And most importantly, Charlie, if you betrayed so many of your friends and longtime loyal supporters in the legislature and in your party, I know you will not hesitate to betray those of us who are happy that you vetoed SB6 the moment it suits you.

In short, Charlie, you are nothing more than a self-serving political opportunist, and the how and why of this veto illustrate it. So although I'm happy you vetoed SB6, I still can't support you because my word, my loyalty, and my principles can't be brokered.

Unlike yours.

Saturday, April 10, 2010

Greer : Crist : : Sansom : Rubio? I don't think so

I just had a pleasant series of exchanges with one of Charlie Crist's few non-staffer supporters on Twitter. After several exchanges, the gist of the argument was this:

@Reaganista: Crist handpicked Greer and stood by him through the very end despite deafening calls for his resignation or removal. Crist is a disgrace.

@UmarSattar: Crist didn't handpick Greer. He was elected by the State GOP committee. Sansom was the one that was handpicked by Rubio to be his budget chief, and Rubio stood by him.

Because Twitter limits its users to 140 characters per update (or "tweet"), it is nearly impossible to coherently argue an issue such as this. So I would like to establish here why the comparison between Crist/Greer and Rubio/Sansom is an invalid and unfair one.

First, let's discuss how both Greer and Sansom arrived to their positions.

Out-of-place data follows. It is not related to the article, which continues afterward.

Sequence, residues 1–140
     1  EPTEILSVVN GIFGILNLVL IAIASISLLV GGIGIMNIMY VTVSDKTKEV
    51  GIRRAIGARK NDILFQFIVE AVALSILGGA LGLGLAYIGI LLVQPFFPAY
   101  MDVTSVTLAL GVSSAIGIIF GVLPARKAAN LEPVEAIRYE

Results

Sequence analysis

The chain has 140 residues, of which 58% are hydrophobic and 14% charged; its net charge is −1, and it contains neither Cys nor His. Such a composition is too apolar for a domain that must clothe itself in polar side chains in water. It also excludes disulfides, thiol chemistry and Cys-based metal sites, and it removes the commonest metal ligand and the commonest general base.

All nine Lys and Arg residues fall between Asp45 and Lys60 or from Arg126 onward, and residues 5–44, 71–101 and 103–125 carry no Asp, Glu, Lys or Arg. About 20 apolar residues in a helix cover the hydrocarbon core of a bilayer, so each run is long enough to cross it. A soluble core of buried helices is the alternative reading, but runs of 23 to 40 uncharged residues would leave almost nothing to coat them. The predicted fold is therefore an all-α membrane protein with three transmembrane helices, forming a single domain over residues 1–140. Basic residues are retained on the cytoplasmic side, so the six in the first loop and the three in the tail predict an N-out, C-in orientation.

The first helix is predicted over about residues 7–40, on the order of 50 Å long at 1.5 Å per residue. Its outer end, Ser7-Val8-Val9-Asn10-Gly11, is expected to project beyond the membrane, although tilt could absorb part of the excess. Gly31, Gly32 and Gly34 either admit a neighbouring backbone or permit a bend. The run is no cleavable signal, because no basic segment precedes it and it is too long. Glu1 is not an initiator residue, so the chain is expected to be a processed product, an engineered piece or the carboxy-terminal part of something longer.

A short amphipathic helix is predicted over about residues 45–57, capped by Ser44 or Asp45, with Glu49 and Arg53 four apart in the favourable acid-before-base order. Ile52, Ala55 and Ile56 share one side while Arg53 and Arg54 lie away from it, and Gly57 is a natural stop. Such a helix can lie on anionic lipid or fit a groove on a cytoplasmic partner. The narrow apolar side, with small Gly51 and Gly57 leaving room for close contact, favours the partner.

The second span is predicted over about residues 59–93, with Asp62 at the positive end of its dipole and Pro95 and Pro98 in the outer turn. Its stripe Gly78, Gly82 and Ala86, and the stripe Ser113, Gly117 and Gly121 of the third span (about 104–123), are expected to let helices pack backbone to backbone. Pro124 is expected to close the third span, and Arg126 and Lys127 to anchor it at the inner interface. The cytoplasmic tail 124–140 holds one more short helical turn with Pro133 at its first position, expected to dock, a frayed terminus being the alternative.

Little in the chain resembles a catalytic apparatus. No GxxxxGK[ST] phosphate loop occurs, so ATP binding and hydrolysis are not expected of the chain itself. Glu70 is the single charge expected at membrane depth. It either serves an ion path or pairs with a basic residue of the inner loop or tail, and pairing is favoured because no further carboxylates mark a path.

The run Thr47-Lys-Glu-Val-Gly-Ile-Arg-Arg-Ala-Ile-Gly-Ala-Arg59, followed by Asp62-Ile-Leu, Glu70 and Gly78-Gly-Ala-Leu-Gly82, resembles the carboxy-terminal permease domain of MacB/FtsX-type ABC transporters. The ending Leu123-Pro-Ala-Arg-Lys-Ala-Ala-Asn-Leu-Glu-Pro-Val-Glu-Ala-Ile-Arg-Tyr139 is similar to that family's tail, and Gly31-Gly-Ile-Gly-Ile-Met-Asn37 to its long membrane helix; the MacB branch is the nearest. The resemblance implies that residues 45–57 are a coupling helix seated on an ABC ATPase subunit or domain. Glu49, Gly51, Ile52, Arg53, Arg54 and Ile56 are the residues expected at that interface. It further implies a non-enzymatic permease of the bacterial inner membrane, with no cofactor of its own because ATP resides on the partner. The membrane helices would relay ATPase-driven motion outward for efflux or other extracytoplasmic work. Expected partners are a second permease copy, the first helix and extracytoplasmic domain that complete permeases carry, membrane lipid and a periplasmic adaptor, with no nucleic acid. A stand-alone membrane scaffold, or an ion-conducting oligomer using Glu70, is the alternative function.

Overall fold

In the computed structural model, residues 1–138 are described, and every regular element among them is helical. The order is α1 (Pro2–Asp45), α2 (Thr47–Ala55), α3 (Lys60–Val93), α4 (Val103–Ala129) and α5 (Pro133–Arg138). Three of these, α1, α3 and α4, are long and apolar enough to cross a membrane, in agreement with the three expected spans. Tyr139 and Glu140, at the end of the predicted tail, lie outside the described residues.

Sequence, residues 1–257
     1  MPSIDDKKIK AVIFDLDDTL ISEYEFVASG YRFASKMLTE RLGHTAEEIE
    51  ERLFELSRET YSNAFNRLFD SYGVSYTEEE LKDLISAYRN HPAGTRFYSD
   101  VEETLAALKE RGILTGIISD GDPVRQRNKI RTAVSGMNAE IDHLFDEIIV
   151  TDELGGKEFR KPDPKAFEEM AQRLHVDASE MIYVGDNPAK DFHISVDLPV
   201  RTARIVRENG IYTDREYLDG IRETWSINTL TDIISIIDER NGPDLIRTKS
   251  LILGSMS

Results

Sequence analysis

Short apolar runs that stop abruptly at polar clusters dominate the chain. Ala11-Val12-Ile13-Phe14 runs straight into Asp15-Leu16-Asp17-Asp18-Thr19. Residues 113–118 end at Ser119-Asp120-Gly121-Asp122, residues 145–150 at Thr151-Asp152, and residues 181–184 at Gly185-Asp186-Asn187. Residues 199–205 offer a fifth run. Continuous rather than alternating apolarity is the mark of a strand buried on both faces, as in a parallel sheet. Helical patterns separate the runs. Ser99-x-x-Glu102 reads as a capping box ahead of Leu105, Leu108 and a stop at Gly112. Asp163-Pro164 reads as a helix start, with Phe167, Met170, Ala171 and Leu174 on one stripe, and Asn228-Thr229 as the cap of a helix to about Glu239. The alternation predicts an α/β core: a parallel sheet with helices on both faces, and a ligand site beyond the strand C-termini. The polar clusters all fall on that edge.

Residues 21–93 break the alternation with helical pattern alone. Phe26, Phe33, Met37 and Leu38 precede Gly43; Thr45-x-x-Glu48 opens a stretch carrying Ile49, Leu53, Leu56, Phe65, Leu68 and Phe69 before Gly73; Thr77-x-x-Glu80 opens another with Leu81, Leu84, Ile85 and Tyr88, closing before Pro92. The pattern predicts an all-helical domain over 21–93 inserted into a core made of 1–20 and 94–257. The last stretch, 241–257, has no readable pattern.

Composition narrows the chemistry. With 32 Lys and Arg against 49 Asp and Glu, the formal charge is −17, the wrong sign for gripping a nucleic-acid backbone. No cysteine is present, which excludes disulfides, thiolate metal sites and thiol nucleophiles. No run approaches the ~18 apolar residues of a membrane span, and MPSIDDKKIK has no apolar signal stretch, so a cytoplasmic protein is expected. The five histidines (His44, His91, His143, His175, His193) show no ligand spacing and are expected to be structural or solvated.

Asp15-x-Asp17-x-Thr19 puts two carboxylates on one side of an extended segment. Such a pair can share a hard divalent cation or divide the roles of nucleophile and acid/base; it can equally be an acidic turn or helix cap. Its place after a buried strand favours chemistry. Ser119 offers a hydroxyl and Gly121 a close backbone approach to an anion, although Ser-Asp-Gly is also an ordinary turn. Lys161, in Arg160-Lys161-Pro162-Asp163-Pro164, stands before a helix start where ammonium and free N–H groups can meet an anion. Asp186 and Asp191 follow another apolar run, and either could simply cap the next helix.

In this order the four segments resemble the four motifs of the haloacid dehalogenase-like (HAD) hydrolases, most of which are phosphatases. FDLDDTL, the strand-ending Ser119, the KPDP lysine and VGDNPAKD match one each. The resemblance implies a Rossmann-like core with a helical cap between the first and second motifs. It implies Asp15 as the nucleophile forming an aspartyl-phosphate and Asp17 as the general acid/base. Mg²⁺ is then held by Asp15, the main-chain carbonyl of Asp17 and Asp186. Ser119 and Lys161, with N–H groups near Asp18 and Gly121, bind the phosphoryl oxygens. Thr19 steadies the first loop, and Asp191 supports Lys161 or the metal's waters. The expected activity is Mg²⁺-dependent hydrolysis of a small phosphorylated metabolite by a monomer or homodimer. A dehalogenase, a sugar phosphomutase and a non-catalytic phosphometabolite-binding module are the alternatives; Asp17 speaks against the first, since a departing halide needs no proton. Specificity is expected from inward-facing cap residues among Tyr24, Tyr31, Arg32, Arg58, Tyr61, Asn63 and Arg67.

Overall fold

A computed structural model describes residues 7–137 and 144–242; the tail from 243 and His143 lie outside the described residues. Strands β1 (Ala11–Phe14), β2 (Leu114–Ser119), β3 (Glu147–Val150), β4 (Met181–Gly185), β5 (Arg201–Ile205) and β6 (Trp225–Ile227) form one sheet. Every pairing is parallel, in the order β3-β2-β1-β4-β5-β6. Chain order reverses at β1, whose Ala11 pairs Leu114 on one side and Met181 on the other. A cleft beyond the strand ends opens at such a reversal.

Yes, it is true that Marco Rubio appointed or "handpicked" Ray Sansom as House budget chief during Rubio's '07-08 term as speaker. By this time, however, Ray Sansom was a well-known and respected State Representative whom his Republican colleagues had elected as Speaker of the House for the '09-10 term. He was not only vetted by Rubio himself, but by the entire Republican caucus.

Jim Greer, on the other hand, was completely unknown to Republican activists, fundraisers, and elected officials alike when Charlie Crist handpicked him to be chairman of the Republican Party of Florida in January 2007. In fact, Jim Greer was ineligible to run as chairman because he was not even a member of the state committee Crist wanted him to lead. So Crist personally called Seminole County's state committeeman and asked him to resign so Jim Greer could fill the position and qualify as a candidate for RPOF chairman. Charlie Crist then personally nominated Greer in 2007 and 2009 for chairman and whipped votes for his election. So although Greer was elected (by a very slim margin in 2007), it was exclusively because Charlie Crist wanted him there. He would have never won that position without Crist. Ever.

Now let's discuss the differences between Greer and Sansom's corruption and responses by Crist, Rubio, and others.

When news of Sansom's misdeeds made headlines in November 2008, he was already speaker, and Rubio had been out of office, not to mention in no position to demote, discipline, or otherwise do anything about Sansom. Yes, when asked by a reporter, Rubio did publicly express "support" for Sansom after the news of his alleged mischief broke out, saying that he was a nice guy and hoped allegations weren't true, but this needs to be put into further context. First of all, he wasn't in office or in any position of authority to do anything to or about Sansom. Secondly, he wasn't going to publicly condemn the man whom his Republican colleagues had entrusted as speaker, at least not until all the facts were out and any investigation complete. To do that would not have only undermined any pending investigation and thrown Sansom under the bus, but his former colleagues and then-leaders in the House as well.